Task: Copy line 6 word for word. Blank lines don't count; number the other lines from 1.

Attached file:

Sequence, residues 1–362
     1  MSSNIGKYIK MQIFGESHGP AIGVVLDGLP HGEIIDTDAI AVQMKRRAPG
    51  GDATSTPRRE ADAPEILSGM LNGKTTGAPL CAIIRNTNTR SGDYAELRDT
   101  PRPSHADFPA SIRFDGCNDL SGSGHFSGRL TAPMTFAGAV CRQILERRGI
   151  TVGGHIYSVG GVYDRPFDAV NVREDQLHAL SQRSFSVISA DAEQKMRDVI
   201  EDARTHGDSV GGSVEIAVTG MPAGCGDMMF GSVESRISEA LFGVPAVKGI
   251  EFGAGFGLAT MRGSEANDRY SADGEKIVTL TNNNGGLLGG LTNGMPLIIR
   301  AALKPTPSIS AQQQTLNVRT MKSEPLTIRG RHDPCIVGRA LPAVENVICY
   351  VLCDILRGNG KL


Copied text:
   201  EDARTHGDSV GGSVEIAVTG MPAGCGDMMF GSVESRISEA LFGVPAVKGI